Colorectal cancer is expected to strike more than 148,800 Americans this year, and nearly 50,000 people are expected to die from the disease. Even though it remains the second-leading cancer killer in the United States, some are still reluctant to take action to prevent it.
Yet physicians today can suggest a variety of ways to reduce colorectal cancer deaths. One way is exams.
Since 2002, the United States Preventive Services Task Force has recommended regular colon screening for those age 50 or older. Dean W. Lim, M.D., clinical assistant professor of medical oncology at City of Hope, agrees. “If you’re over age 50, get screened each year with a colonoscopy, “ recommended Lim, part of City of Hope's Gastrointestinal Oncology Program. “If you have a family history associated with colon cancer, begin screening 10 years earlier than the age when your relative or relatives were diagnosed with colon cancer.”
In a colonoscopy, physicians use a tiny camera mounted on a flexible tube to view the whole colon while a patient is sedated.
Other potential prevention tools include double contrast barium enema, colon scans through computed tomography and flexible sigmoidoscopy — an exam of the last third of the colon. Most colon cancers arise from polyps that form on the inner colon lining, so by examining this lining through colonoscopy or sigmoidoscopy, physicians may spot polyps early and remove them before they become cancerous. Physicians can also perform digital rectal exams and test stool for blood to look for early signs of cancer’s presence.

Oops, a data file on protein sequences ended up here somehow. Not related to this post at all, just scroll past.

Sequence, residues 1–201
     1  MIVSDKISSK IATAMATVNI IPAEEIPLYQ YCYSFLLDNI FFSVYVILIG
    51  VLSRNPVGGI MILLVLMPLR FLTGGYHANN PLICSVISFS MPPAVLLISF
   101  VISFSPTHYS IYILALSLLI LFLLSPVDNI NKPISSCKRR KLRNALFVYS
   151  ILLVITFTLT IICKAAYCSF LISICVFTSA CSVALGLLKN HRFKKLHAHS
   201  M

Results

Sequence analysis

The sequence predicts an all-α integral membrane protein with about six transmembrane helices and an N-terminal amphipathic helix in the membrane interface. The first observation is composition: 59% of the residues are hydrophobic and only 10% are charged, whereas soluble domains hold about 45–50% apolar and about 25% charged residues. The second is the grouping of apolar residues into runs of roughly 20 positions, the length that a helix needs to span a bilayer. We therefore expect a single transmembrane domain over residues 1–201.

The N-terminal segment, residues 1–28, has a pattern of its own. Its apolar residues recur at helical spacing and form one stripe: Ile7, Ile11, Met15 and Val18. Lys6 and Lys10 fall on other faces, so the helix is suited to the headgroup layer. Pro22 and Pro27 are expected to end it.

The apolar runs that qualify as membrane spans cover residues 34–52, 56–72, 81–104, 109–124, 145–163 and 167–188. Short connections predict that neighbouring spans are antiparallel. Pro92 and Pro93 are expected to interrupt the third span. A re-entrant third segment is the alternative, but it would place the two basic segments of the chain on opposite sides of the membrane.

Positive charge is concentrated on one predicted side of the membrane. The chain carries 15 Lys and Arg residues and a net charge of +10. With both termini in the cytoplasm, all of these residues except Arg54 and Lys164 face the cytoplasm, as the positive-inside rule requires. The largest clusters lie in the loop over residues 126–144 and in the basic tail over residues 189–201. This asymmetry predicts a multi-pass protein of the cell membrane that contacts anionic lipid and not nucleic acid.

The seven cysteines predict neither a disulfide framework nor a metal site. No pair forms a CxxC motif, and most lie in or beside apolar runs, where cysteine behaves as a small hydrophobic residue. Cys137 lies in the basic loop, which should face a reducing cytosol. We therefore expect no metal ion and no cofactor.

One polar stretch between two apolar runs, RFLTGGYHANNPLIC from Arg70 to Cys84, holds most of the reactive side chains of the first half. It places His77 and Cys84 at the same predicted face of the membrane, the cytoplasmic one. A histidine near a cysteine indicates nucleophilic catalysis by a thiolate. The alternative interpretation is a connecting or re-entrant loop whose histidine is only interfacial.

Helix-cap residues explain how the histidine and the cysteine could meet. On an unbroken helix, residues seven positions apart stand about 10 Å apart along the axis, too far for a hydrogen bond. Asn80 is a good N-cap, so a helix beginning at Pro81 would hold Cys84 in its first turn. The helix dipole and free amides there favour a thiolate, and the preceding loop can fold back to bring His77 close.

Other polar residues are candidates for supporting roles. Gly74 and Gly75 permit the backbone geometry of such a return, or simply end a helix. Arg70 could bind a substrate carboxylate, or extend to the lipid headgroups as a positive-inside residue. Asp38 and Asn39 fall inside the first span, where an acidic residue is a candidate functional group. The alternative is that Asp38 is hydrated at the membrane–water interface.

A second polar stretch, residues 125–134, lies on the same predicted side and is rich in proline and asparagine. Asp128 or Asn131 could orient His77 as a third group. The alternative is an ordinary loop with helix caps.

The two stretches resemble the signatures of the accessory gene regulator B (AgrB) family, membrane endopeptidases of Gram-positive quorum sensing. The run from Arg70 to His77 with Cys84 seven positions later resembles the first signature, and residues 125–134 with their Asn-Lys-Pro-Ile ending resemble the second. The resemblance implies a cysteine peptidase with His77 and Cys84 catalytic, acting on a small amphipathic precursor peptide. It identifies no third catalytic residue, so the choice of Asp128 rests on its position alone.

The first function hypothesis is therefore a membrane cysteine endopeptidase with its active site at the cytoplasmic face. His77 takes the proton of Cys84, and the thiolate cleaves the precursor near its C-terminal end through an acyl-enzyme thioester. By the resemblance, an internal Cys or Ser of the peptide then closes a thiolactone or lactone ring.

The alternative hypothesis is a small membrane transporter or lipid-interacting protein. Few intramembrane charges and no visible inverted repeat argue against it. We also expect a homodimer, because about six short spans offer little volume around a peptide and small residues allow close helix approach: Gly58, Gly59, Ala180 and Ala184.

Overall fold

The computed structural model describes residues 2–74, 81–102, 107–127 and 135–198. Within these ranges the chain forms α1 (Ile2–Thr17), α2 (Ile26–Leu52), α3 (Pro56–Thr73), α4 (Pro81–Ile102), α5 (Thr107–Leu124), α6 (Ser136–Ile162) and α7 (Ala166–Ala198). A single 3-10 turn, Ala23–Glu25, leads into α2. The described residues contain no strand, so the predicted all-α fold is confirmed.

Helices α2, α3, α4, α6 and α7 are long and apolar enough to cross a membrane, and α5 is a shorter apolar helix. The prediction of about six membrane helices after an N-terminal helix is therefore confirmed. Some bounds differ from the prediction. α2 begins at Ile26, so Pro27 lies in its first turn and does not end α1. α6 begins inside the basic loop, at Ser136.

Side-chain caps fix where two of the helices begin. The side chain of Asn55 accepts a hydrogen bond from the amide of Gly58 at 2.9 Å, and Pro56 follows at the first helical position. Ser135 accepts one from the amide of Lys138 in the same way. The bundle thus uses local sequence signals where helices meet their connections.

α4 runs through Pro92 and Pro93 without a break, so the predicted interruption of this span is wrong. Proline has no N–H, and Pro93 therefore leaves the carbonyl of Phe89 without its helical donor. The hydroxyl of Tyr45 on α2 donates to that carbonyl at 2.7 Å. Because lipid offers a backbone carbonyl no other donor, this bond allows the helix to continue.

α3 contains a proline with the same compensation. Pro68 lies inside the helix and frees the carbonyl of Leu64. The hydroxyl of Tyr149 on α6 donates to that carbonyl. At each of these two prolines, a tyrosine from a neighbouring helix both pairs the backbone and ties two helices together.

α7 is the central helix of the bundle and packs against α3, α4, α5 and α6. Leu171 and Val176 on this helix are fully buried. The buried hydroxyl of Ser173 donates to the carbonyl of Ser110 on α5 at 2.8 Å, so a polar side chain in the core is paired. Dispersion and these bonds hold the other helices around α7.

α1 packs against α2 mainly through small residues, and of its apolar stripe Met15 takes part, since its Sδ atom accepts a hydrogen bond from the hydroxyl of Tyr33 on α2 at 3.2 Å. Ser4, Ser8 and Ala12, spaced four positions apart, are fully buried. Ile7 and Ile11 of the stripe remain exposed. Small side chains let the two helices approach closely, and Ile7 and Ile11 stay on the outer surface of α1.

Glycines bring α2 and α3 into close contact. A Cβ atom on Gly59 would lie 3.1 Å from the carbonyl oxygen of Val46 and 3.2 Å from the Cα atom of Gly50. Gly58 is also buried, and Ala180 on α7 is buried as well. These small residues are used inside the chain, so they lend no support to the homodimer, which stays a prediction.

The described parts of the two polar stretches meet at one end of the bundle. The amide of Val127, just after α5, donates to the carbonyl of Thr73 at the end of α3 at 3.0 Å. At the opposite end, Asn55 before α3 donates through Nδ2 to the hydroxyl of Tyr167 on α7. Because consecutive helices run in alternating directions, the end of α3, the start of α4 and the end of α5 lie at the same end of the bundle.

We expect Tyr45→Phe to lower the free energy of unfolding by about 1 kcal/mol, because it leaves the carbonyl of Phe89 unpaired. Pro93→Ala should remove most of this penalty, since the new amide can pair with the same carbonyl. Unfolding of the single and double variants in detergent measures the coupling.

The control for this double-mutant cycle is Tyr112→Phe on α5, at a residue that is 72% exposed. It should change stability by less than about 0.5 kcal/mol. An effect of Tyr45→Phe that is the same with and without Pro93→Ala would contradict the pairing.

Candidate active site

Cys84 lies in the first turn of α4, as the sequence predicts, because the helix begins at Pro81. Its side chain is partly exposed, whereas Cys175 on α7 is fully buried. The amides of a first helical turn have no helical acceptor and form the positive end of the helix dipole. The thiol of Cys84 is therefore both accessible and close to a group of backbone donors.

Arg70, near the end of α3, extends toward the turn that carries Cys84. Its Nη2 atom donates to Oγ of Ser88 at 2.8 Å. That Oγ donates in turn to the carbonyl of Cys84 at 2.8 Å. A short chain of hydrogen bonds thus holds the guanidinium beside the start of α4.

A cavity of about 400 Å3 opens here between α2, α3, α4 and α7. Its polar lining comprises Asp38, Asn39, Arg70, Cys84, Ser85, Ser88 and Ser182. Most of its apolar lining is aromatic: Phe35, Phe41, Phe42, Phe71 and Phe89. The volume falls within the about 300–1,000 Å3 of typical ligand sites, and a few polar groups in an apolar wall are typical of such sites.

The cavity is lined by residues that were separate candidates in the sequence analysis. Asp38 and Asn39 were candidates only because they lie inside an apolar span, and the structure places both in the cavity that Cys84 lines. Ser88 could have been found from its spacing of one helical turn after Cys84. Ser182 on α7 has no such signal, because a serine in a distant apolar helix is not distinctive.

About 90 percent of people whose colon cancer is caught early, before it has spread to lymph nodes or nearby organs, survive five years after diagnosis, according to the American Cancer Society. But only 10 percent of patients whose cancer has spread to distant parts of the body survive five years.
Just-released guidelines from a cooperative group of expert physicians recommended colonoscopy as the definitive screening tool for most healthy people, but patients should talk to their doctors about the best prevention options for them.
Good lifestyle habits also can reduce risk. Though any new regimen should involve consultation with a physician, eating more whole grains and fewer processed and red meats may help, and Lim also advocates “regular exercise, not smoking, avoiding excessive alcohol consumption and eating a heart-healthy diet with lots of fruits and vegetables.”